A student’s legacy honored with The Fallen Eagle Redfish Classic

The fishermen went out on the Caloosahatchee at 7 a.m. Sunday, Feb. 21. The red tide was there, but it didn’t stop 29 boats from weighing in their catch of the day. The Fallen Eagle Redfish Classic seemed to be quite the haul for its third year of fishing.
The Redfish Classic would not have been an ultimate success without the direction of its two lead coordinators and the more than 50 volunteers who participated.
“I kind of realized it’s not just about the tournament,” said Wyler Gins, the president of the FGCU Fishing Club and lead volunteer of the event. “It’s not just about the fishermen or how much we raised; it’s more about the experience.”
By the time Gins and Katie Hyer, the event coordinator, arrived at Fish Tail Marina, many of the volunteers were waiting for them.
“Our volunteers were there before I was, and I was there 30 minutes before I told them to get there,” Hyer said.
The Fallen Eagle Redfish Classic was created to honor the memory of Jesse M. Woodyard, a former FGCU student and fishing club member. Jesse loved catching red fish, which is the main reason behind the goal of this event, Hyer said. Hyer was among Woodyard’s closest friends.
Hyer fished in the original classic, and she wanted to get closer to the event by helping to organize it with Gins. Hyer was always looking for feedback from previous volunteers and coordinators. She owes much of the success to the help she gained from them.
“I was talking to people who were involved and involved this year, and they were just saying the organization was just so much smoother, and that was just a compliment to us,” Hyer said. “But, again, yes, we were the ones every step of the way, but without them, it would not have happened the way it had to happen.”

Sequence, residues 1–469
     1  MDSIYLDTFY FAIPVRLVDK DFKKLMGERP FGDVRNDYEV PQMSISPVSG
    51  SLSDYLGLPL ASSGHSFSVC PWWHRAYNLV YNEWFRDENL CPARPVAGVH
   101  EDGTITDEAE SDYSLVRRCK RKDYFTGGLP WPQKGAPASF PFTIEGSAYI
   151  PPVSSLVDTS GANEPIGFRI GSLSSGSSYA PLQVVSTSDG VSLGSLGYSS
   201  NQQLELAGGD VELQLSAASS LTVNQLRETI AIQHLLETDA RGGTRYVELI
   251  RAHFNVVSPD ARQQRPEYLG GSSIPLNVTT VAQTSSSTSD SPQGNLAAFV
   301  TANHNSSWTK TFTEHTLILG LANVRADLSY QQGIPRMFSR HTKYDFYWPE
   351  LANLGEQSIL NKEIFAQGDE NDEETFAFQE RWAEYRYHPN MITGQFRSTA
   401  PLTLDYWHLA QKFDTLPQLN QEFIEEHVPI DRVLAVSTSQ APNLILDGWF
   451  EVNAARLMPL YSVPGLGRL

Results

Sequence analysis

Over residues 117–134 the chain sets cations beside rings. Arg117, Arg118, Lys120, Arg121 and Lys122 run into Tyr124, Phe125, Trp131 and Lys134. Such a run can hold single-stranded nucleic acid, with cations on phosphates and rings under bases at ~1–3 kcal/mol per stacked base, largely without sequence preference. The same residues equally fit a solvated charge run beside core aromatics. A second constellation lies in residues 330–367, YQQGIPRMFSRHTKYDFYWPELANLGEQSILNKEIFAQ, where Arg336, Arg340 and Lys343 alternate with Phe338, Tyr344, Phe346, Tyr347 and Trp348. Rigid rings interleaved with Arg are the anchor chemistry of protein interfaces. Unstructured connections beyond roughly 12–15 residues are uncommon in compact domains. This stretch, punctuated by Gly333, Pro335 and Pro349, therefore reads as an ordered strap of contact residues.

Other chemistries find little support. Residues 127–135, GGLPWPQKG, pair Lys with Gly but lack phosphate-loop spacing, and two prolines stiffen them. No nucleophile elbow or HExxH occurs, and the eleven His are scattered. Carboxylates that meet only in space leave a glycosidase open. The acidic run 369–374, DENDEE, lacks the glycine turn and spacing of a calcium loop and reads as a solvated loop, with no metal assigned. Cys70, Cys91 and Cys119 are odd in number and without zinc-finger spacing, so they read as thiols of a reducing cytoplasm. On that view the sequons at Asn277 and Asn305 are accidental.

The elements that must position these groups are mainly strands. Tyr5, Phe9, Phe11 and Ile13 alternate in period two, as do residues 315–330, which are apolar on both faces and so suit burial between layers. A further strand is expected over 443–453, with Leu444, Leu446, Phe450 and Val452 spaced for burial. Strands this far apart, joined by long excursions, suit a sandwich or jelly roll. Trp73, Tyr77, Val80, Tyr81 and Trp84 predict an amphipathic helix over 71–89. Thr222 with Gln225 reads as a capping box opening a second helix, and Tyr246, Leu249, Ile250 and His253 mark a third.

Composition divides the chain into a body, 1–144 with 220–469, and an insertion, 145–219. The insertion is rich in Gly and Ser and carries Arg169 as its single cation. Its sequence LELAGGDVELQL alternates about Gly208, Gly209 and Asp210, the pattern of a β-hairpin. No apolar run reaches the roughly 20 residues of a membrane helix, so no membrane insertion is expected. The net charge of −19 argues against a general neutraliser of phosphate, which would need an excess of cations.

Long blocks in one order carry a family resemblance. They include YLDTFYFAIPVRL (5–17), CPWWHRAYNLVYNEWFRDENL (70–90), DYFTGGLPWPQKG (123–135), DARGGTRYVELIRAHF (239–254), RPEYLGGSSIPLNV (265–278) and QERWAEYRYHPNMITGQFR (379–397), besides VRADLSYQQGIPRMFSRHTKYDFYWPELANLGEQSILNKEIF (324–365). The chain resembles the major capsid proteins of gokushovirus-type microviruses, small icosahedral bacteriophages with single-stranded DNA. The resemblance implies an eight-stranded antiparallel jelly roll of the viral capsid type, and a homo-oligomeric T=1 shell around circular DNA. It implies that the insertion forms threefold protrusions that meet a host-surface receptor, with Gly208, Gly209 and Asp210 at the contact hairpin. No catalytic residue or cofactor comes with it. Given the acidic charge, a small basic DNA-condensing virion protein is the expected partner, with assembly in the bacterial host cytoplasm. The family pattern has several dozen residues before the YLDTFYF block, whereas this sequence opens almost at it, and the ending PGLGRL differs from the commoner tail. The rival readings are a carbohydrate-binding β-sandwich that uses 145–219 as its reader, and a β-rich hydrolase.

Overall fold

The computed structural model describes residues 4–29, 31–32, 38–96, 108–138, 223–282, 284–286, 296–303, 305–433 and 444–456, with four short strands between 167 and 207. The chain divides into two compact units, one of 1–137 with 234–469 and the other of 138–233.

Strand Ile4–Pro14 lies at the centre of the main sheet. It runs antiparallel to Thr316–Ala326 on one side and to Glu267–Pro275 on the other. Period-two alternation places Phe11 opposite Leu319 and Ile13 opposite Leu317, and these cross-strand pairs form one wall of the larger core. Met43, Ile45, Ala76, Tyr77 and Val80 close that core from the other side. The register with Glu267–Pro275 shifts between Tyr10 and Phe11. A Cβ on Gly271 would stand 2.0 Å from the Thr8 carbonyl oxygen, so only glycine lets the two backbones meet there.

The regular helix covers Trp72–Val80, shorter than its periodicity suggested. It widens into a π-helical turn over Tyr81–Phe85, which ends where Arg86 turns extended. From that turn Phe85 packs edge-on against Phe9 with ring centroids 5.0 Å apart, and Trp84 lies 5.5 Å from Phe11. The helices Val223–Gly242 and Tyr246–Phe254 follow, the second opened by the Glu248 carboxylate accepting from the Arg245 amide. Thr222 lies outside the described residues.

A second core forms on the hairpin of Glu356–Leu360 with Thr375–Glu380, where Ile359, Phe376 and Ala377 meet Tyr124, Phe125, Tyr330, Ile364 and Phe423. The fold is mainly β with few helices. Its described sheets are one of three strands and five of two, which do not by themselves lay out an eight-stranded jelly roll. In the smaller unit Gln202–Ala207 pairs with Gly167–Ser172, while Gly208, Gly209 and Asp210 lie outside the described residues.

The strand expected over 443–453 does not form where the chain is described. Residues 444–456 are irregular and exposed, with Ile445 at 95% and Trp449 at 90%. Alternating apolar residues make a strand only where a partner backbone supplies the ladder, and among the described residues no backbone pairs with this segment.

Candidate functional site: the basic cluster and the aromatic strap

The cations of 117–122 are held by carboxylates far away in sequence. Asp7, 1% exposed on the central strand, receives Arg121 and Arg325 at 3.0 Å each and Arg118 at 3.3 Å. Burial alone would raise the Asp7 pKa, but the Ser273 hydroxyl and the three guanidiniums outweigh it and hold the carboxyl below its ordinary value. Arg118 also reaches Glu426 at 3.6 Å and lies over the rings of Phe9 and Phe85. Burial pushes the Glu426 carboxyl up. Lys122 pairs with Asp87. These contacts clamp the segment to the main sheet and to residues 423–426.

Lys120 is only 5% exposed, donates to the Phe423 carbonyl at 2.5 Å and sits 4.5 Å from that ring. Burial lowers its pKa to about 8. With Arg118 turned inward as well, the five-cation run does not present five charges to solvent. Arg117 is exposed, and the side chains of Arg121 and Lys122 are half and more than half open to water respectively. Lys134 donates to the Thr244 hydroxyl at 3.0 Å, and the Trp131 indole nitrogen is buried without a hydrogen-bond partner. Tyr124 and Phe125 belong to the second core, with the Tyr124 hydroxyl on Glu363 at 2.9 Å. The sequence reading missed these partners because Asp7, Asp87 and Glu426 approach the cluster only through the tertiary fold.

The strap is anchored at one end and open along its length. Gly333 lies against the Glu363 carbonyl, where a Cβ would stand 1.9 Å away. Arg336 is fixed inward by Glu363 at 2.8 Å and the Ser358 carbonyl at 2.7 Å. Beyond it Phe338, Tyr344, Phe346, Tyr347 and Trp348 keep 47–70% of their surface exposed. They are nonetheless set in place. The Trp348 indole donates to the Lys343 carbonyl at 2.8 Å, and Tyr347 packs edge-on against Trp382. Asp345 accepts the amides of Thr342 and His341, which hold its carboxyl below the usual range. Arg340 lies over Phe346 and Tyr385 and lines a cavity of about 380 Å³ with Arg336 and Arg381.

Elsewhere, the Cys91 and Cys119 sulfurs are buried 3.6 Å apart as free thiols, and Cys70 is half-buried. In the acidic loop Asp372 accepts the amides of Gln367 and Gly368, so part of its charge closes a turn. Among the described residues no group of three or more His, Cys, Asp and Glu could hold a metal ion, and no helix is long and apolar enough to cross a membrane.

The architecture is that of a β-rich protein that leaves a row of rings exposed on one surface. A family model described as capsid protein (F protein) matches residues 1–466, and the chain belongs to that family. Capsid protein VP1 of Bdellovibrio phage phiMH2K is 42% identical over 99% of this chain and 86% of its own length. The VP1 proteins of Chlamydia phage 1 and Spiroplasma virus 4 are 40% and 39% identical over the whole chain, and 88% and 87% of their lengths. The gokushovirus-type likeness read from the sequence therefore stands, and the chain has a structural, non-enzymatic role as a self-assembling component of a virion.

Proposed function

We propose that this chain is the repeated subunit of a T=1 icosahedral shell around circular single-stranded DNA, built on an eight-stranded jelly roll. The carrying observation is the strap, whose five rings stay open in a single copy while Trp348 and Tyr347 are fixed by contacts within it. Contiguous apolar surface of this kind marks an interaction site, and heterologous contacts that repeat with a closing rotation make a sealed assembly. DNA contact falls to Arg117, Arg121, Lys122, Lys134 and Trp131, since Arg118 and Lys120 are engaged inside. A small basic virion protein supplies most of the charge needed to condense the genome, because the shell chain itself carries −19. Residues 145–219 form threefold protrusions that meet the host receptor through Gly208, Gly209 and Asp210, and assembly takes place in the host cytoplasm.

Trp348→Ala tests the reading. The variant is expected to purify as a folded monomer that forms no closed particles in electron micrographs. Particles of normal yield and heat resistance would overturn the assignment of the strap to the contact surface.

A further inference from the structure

“The fishing club, they were like, ‘All right, what can I do? Like, we know that this is a big thing, and we’re just here to help,’” Gins said.
The total amount of money raised at the event is still being added up by Hyer and Gins.
Gins is confident about the money that the event was able to raise for the scholarship in Woodyard’s name, the Jesse M. Woodyard Academic Scholarship. Gins is friends with Tony Lee, the director of major gifts with the FGCU Foundation. Gins said he was instrumental in the creation of this scholarship.
“He’s like, ‘Hey, let’s make a scholarship in his name,’” Gins said. “So, we kind of brought that on board, and that was our goal last year to kind of keep Jesse always the beneficiary and making it around him. We wanted to endow it, so that if FGCU is here, his scholarship is here.”
Last year, the tournament saw 72 boats show up to fish.
“Our goal again was the same thing as last year, 50 boats,” Gins said. “And, with all the red tide coming out of the Caloosahatchee, we were a little worried it would hinder a lot of the fishing, and people wouldn’t want to fish because, ‘Oh, the fishing’s bad.’”
But, like last year, Gins and Hyer saw more boats leave the docks than they had strived for, and this year saw one more than last.
“Jesse was looking out for us again and couldn’t have given us any better weather,” Gins said.
Going into the captains’ meeting for the tournament, Gins said 56 boats were pre-registered. At the end of the meeting, 73 boats were signed up to fish compared to the previous year’s 72.
“Last year, we were charging fishermen for the shirts,” Gins said. “In all the local tournaments, you get a free shirt. We gave them out free this year, and everyone was so appreciative. And, I think that is going to really help for the longevity of the tournament because if everyone has a lot of fun and all the fisherman are happy and have a great time, that’s going to make people want to come back next year.”
Since Hyer and Gins will graduate from FGCU in the near future, they hope for longevity in these tournaments. There is also an emphasis on keeping Woodyard’s memory intact, the reason behind these events.
“The emotions may not be there anymore, so one thing we want is the students to stay involved and know that he was a student here,” Hyer said. “And even though they may not have known him, but the money who it’s going to, they may know that recipient because that recipient is going to be a marine science student.”